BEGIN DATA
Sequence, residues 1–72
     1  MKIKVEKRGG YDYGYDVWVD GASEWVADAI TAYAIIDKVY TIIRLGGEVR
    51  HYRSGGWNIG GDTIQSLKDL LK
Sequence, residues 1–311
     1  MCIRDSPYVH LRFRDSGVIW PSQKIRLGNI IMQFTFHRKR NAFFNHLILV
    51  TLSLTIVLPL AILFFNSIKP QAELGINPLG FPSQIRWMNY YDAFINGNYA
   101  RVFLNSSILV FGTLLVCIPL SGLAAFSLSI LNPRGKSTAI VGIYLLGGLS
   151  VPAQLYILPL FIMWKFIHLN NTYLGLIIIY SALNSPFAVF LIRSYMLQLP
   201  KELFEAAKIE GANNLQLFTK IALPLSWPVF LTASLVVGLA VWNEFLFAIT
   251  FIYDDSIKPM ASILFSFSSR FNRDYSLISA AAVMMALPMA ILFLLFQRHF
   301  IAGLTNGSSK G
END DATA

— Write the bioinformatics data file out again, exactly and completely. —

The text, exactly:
Sequence, residues 1–72
     1  MKIKVEKRGG YDYGYDVWVD GASEWVADAI TAYAIIDKVY TIIRLGGEVR
    51  HYRSGGWNIG GDTIQSLKDL LK
Sequence, residues 1–311
     1  MCIRDSPYVH LRFRDSGVIW PSQKIRLGNI IMQFTFHRKR NAFFNHLILV
    51  TLSLTIVLPL AILFFNSIKP QAELGINPLG FPSQIRWMNY YDAFINGNYA
   101  RVFLNSSILV FGTLLVCIPL SGLAAFSLSI LNPRGKSTAI VGIYLLGGLS
   151  VPAQLYILPL FIMWKFIHLN NTYLGLIIIY SALNSPFAVF LIRSYMLQLP
   201  KELFEAAKIE GANNLQLFTK IALPLSWPVF LTASLVVGLA VWNEFLFAIT
   251  FIYDDSIKPM ASILFSFSSR FNRDYSLISA AAVMMALPMA ILFLLFQRHF
   301  IAGLTNGSSK G